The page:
Five Signs Your Google Analytics Data is Inaccurate – And How to Fix It

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We want you to feel confident in the data you have in Google Analytics, and that’s why we are here to help! If you find yourself looking at Google Analytics data and you’re unsure how accurate it is, this post will help you look for common errors that occur and will show you how to fix them. The goal is to be able to use the data you have!

I am going to use the public Google Analytics account that uses data from thegooglemerchandisestore.com. If you would like to follow along, follow along with our great guide to using the demo account before reading this post. You are welcome to use your own Google Analytics data if you have that available.

Now that we have some data, let’s start digging.

Views: Too Many or Only One

First, let’s navigate to your Google Analytics Account and go to the admin screen where you see the 3 columns for Account Settings, Property Settings, and View Settings. If you are in the account and property that you want to report from, click on the View drop-down.

Views - Admin Screen

How many options do you have? Just one? Or maybe a bunch that you aren’t familiar with? We can make that better.

The public Demo Account has three: the main view (used for reporting), a test view (a place to test filters and goals for accuracy), and a raw/unfiltered view (for backup). This is the minimum that we recommend. Having too many could also be a problem, especially if you don’t know which one you should be using for daily reporting or if you don’t know how one view is different from another.

The idea is that you should feel confident in the data you are reporting on and it should be easy for you to navigate to the data you want – views can help make that happen.

If there are many views in there that you are not familiar with, you can check out the filters and goals that are assigned to each one and hopefully find some clarity. We also recommend that you ask around the office (if applicable) to see if other people use them. A short fix is to rename the mysterious views something that you can easily distinguish as either important or not, but the long term solution would be to delete the views you no longer need for reporting or historical purposes.

The need to separate views is dependent on how your site and business works, but here are a few examples of views that you may want to implement:

  1. Internal Traffic vs External Traffic: You can have two views that either filter in or out internal traffic. For instance, you can direct traffic based on the IP address of your office (one for include only your IP address, the other view with exclude your IP address) so that your employee traffic isn’t mixed with your customers.
  2. Locations: You may have content that is region specific. You can set up views for each region you are interested in.
  3. Mobile traffic: Yes, you can apply some secondary dimensions to your reports to see the devices people are using, but if this is a large business conversation for you, you can set up a view that is specific to traffic from a certain device category.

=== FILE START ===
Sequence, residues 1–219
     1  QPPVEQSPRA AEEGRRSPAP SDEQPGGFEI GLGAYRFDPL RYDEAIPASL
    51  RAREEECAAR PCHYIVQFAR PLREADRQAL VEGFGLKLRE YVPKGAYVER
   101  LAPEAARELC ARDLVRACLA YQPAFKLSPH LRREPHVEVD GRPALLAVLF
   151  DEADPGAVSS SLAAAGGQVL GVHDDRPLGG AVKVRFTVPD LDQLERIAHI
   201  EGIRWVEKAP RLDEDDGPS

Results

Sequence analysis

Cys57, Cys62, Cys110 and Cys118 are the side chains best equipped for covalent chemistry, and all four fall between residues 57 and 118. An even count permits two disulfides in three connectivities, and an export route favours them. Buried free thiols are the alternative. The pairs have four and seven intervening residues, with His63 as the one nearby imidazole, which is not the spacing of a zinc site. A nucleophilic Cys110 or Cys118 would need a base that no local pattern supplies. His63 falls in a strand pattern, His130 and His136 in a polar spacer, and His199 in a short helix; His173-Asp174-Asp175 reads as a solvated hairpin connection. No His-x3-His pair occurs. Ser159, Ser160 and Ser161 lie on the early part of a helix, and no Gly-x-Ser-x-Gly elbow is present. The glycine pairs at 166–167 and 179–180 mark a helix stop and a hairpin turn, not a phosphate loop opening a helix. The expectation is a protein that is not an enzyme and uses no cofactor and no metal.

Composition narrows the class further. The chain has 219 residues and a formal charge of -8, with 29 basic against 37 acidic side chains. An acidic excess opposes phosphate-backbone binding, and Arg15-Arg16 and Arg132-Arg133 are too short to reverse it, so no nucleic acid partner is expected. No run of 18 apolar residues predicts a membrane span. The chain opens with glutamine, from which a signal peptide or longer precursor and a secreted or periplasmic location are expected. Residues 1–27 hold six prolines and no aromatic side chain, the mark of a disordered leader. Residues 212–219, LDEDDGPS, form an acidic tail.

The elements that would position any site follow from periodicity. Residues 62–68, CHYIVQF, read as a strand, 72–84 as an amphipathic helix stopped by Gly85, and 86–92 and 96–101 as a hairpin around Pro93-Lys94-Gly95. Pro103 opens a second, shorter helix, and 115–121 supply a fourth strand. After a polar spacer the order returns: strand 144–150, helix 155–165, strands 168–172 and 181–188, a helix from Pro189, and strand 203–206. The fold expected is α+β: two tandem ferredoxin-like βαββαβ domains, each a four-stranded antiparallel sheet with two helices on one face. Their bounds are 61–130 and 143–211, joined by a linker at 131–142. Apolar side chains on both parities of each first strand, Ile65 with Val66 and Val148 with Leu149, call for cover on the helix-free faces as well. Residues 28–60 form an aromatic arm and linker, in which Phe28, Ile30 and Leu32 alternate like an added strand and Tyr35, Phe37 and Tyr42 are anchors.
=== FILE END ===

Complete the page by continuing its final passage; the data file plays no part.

4. Hostnames/Subdomains: I will talk about this one more below, but if you have different subdomains and main domains, you will want to have a clear way to identify where your Google Analytics data is coming from.

Hostnames Report: What are all of these sites?

If you are asking yourself what the hostnames report is, that’s okay! We really don’t use it for reporting purposes, but it is a great place to look for initial account debugging.

The Hostnames Report shows all of the websites (hostnames) that someone was on when a hit was sent to your Google Analytics property. With that in mind, your hostnames report should only show the websites that are applicable to that property and view.

Here Is How You Find It:

Navigate inside of the Google Analytics interface to Behavior -> Site Content-> All Pages

Then at the top of the data table, you will see an option to switch the primary dimension. Click on “other,” type in “Hostname,” and click on the icon that says “Hostname” in a green box.

In the case of the public Demo Account, we only see shop.googlemerchandisestore.com, and www.googlemerchandisestore.com. This is a good thing. If you see many websites that aren’t part of your business, you should add an “include only” filter to your view(s) that only includes traffic from your specific hostname(s). If you have multiple domains going to one property, we suggest having one view for each domain (if not a different property), then one with all of them together.

If you have multiple domains to include, make sure you put both hostnames in the same include-only filter using regular expressions. If you have two separate include-only filters, you will end up with no data because Google Analytics processes data in the order that the filters are listed.

Subdomains: If You Have Them, Show Them

Does your website have subdomains? If not, you can skip this one. If you do, don’t fear! You can still have accurate data.

The reason that this is a concern with Google Analytics is because the page related reports will use “/” as a name for the row, and you will probably see this as the one with the most traffic. This is the home page, shown with nothing after the first trailing slash. In the case of the Google Merchandise Store, they have “/home” in the reports, but the same concept applies.

Home Page Path

In the case of The Google Merchandise Store, they have www.googlemerchandisestore.com/home and shop.googlemerchandisestore.com/home, so which site are we referring to when we see “/home” in the reports? Both! The metrics in that table are consolidated by the traffic across those homepages. We can prove this by applying the secondary dimension “Hostname.”